Panzer Dragoon II Zwei
The follow-up to Panzer Dragoon, Zwei is actually a prequel, taking place several years before the events of the first game. It follows Lundi, who, despite local law to the contrary, decides to raise a mutant creature that has a blue-white light emanating from its neck. Besides the glowing orb, Lagi also has wings, which Lundi reckons will allow the beast to fly someday and ultimately prove that all of the morphed creatures are worth keeping around. A year later, while training Lagi to fly, a colossal ship passes overhead and Lundi can only watch as it destroys his village. Swearing revenge, he grabs a laser, hops on his mutant dragon, and begins his quest.
PDZ kicks in where the original left off. Instead of easing players into the action, there's a quick warm-up and then they're thrust into the thick of it - not a bad thing by any stretch. The game seems faster, more furious, and much more frenetic than its predecessor. Game mechanics are the same, for the most part, with a few small tweaks along the way. The dragon loses its ability to roll, but instead has gained a "berzerk" attack. A bar slowly builds as the dragon fires shots, and when there's enough energy, a barrage of shots are unleashed, targeting everything on screen and devastating surrounding enemies. Now, instead of flying the entire time, certain portions of the game require the dragon to walk on the ground, adding a bit of variety to some levels. Enemies still litter the landscape, but they seem to attack from the back and the sides more often than in the previous game.
Quite possibly the best addition, though, is analog control. Taking advantage of the Saturn's 3D control pad, the game feels much more precise and the on-screen cursor moves even faster. Unfortunately, a bug forces the game to set off the berzerk attacks every time the view is rotated, unless the X button has been mapped to be inactive. Rotation is still controlled by the L and R buttons, but now the screen will rotate, albeit slowly, if the cursor reaches the side, so no more being locked in at exactly 90 degree intervals.
Levels are designed quite well, with each having a distinct environment. The game begins at night, running around through Lundi's destroyed village, avoiding enemies and chasing after the gigantic ship. After traveling through the desert, the duo eventually reach forests of episode three - a highlight of the game - where trees fill the landscape and light pours through openings in the treetops. Cave-like corridors are traversed in episode four to reach the calm waters below - a compelling sight despite the dated graphics. Later levels include a snow covered world and ultimately, the mammoth ship responsible for the destruction of Lundi's village.
Zwei, like the original, is fairly short at only six full episodes, which, although not too hard, provide a few challenges along the way. But just completing it doesn't mean you've seen the entire game. Several levels now have multiple paths that can be taken - some harder, some not as hard. Not only does it require multiple plays to see each level fully, but which path you take affects the outcome of the game as well.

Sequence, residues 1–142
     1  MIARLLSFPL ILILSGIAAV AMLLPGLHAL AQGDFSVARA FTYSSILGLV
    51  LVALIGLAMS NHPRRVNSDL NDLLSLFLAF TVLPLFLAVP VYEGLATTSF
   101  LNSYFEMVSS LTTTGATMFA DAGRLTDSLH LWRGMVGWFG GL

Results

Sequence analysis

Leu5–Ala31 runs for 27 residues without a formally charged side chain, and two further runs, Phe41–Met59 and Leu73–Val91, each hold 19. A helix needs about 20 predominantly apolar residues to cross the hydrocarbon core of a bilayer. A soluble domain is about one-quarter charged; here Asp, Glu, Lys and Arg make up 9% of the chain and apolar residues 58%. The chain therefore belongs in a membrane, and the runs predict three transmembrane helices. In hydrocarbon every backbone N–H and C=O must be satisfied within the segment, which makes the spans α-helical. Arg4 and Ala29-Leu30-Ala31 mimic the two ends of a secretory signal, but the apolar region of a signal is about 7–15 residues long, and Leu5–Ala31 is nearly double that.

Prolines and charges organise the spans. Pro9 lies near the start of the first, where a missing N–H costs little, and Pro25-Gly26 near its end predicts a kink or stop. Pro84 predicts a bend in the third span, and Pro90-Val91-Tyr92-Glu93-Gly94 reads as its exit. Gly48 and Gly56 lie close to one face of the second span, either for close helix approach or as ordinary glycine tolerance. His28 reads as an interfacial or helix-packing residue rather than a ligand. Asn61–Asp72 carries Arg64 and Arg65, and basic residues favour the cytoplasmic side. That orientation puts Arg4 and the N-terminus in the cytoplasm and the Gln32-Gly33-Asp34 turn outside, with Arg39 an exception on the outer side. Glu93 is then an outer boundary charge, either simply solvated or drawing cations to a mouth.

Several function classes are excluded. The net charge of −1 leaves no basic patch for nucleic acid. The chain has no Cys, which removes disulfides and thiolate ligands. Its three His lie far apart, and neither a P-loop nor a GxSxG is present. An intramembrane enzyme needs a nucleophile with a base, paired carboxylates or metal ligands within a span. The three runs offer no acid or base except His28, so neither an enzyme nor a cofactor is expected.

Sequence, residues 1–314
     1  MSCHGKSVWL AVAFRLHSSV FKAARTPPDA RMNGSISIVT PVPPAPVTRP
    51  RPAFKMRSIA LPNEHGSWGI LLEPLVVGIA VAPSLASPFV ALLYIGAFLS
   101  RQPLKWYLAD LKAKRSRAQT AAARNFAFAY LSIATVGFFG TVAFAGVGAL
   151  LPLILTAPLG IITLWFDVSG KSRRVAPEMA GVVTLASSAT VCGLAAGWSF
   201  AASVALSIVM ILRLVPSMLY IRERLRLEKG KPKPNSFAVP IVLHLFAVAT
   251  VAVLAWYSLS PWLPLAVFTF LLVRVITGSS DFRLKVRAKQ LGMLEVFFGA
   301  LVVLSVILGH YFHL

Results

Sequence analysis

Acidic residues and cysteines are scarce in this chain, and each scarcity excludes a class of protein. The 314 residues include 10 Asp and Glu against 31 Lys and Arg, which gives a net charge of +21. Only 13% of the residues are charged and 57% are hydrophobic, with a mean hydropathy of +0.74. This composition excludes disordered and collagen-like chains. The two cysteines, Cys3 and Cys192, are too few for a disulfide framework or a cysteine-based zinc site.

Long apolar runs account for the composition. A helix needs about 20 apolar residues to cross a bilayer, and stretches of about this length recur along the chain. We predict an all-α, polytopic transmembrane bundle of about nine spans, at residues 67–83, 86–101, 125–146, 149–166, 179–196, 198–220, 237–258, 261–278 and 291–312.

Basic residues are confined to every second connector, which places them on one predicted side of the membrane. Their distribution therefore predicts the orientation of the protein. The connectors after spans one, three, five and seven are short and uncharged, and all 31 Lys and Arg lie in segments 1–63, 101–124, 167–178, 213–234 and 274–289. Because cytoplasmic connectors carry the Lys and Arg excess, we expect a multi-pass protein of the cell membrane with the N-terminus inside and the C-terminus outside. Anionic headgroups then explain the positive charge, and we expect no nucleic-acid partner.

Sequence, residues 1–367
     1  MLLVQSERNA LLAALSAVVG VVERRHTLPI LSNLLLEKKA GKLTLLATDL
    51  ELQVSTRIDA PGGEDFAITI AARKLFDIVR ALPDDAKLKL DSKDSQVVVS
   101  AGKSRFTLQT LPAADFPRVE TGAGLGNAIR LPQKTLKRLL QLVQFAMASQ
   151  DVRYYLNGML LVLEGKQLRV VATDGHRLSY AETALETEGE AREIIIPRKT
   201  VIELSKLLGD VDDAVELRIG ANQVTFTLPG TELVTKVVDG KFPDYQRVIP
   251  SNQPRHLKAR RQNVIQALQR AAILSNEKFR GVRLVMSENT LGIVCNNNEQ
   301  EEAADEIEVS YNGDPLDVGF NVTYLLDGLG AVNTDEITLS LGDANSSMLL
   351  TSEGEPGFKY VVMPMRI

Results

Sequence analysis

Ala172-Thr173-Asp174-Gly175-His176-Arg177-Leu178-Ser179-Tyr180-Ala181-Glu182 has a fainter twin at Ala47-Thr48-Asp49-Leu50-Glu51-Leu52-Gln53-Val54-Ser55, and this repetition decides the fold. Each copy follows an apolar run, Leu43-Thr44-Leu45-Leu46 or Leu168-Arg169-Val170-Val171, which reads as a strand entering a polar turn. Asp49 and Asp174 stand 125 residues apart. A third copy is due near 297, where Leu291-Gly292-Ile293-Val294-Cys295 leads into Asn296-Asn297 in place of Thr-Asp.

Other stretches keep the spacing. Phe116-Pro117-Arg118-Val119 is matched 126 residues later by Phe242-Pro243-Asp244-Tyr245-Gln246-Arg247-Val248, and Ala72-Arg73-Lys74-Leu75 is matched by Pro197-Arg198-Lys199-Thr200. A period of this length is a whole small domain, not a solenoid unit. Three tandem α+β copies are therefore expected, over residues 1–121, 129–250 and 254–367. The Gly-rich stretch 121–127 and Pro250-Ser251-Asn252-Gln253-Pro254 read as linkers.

At the end of each episode, points are acquired based on enemies destroyed, levels completed, and the route taken. These points are used to determine the dragon's evolution - how much it grows, if it grows, and what form it will take. As the points add up, the dragon morphs into a new form, becoming more powerful, gaining different attacks and increasing its ability to take damage. There are several endings, all based on what form the dragon has reached when the game is completed. To manage it all, a save feature is added in place of the arcade-oriented credits system imposed to drag out the original.
If the game is completed in one sitting, then Pandra's Box opens up. Even though it looks like a misspelling of Pandora's Box, I'm pretty sure it's intentional, taking the first part of Panzer (Pan) and Dragoon (Dra), and then throwing them together. What is it? Cheat mode. Though the game can't be saved with the box options turned on, there's a lot that can be played around with. Different weapons, berzerk attacks, game difficulty, dragon evolution, start level, etc. are available here. The options add replay value, giving yet another reason to go and play through one more time.
Not all changes are just for playability. Graphics have been tweaked this time around, as well. By far the biggest improvement is the increase in frame rate. The first game ran at a locked rate that was under 30 frames per second. The result: Things felt really slow. That's not the case in Zwei. The faster frame rate is worth it, even if there are a few trade-offs, such as a less detailed dragon and more sprite-based objects.
Music is different in Zwei, too. PD had a Redbook audio soundtrack that was part orchestral and part synthesized. The orchestral songs, with the horns and strings, really gave the game an otherworldly feeling, while the synthy beats pumped rhythm into the boss battles. This time around, everything is being cranked out by the Saturn's hardware. At first, I was disappointed, since the songs don't capture the atmosphere quite as well as the original tunes did and the sound quality itself is a small step down. As time went on, the tunes started to grow on me. For the most part, they're pretty good, but a couple compositions (like the first track of Episode 6) seem out of place - less like the world of Panzer Dragoon and more like typical videogame music of the era.
All things said, the game is very enjoyable, and improves in almost every aspect of the original. The action is more intense and the levels are larger, rewarding the player for spending more time in them. The additions of dragon evolution and Pandra's Box give even more reasons to revisit the world of Zwei. PDZ is a fine addition to any Saturn owner's collection.